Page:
Like Taylor, I travelled to New Zealand to improve my circumstances and to write. I have lived in Auckland almost as long as Taylor lived in Wellington, during which time I have corresponded with my best friend via letter. When my research for Taylor’s biography took me to New York in February 2017, I met my own Brontë in person for the first time.
Unlike the real Charlotte Brontë, Loredana Tiron-Pandit migrated, from Romania to Massachusetts. She is no coward. She is also the best supporter and encouragement a woman could have, and she never baulks from telling me what she thinks (Taylor would have loved her). She also helped me draft the copy of my graphic biography with text boxes that resemble torn fragments of Taylor and Brontë’s letters, because she is brilliant at all things ‘computer’ and I am a Luddite. (Taylor had a lot of sympathy for the Luddites. What an amiable bunch we four lasses would have made!).
As I pored over Taylor’s correspondence with Brontë I could not help but reflect on the letters – proper old fashioned paper letters – I had shared with Lori, how she was my first reader; how much I valued her honest opinion; how much I had come to rely on her and looked forward to her letters the way Taylor did – my driveway is no Mount Victoria, but I climb it with no less enthusiasm to check the mail box! My friendship with Lori was my first port of call for answering my questions of ‘How would Mary feel?’ Always at a distance, always waiting for a reply. And the satisfaction of handling the paper and reading the words in my friend’s own hand – Lori was never far from my thoughts as I shaped my book.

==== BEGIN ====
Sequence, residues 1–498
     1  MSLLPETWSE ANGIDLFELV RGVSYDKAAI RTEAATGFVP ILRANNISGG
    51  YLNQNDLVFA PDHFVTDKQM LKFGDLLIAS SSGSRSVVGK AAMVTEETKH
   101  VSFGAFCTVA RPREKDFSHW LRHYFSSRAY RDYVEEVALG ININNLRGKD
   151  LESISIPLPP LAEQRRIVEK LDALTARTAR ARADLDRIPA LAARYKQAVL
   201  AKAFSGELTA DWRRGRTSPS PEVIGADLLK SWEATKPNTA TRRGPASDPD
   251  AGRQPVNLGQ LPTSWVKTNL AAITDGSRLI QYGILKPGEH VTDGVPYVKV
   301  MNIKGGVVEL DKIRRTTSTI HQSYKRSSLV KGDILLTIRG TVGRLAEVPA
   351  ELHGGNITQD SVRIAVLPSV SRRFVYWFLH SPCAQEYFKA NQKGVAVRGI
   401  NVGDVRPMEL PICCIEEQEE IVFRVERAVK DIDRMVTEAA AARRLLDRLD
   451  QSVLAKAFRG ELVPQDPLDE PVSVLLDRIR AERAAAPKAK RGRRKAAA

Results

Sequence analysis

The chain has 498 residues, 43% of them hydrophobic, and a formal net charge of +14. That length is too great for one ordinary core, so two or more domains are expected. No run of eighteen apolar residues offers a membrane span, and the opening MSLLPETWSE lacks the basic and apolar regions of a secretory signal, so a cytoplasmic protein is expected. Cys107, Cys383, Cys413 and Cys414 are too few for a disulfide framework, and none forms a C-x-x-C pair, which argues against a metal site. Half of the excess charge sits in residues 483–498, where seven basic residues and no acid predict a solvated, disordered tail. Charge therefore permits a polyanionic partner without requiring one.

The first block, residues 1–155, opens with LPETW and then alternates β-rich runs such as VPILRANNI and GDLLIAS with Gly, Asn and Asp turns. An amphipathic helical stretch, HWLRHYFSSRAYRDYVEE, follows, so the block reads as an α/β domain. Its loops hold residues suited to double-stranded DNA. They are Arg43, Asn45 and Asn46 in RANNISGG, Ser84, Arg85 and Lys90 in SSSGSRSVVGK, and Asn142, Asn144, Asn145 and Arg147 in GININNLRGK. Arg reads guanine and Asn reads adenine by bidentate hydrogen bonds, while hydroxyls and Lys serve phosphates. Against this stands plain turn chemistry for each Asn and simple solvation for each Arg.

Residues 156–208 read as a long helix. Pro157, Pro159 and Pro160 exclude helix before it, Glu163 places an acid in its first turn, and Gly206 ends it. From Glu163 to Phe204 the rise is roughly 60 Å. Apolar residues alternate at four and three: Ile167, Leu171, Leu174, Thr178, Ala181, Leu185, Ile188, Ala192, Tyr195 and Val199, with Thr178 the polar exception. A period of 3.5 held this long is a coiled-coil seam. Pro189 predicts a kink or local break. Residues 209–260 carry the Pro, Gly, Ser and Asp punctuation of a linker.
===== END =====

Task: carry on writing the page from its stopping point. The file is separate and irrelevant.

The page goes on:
And this is how my thoughts ran throughout the whole process of researching and drawing then inking the book; it wasn’t me finding out about Taylor, it was me and Lori talking to Charlotte and Mary. Sometimes I confused us. Sometimes I wanted to shake Taylor for her part in colonising Aotearoa. And once, in the Brontë Parsonage Library, I called Brontë a bitch. Taylor found the process messed with her head. Concerned for her health, she wrote to Brontë afraid she would slip into a state of “betweenity”. Body in New Zealand, head in Yorkshire.
Writing as Rae Joyce, Rachel J Fenton co-edited Three Words, An Anthology of Aotearoa Women’s Comics(Beatnik, 2016) and her participation in the NZ Book Council Graphic Novelist Exchange Residency in Association with the Publishers Association of NZ and the Taipei International Book Exhibition resulted in Island to Island, a Graphic Exchange between Taiwan and New Zealand(Dala/Upstart Press). Winner of the Auckland University of Technology Graphic Fiction Prize, Rachel is currently looking for a publisher for her graphic biography of Mary Taylor, Charlotte Brontë’s best friend, which she researched and drew with arts grant funding from Creative New Zealand.
Edited by Clêr Lewis.Clêr has an MA in creative writing from Goldsmiths, University of London, and is working on her first novel.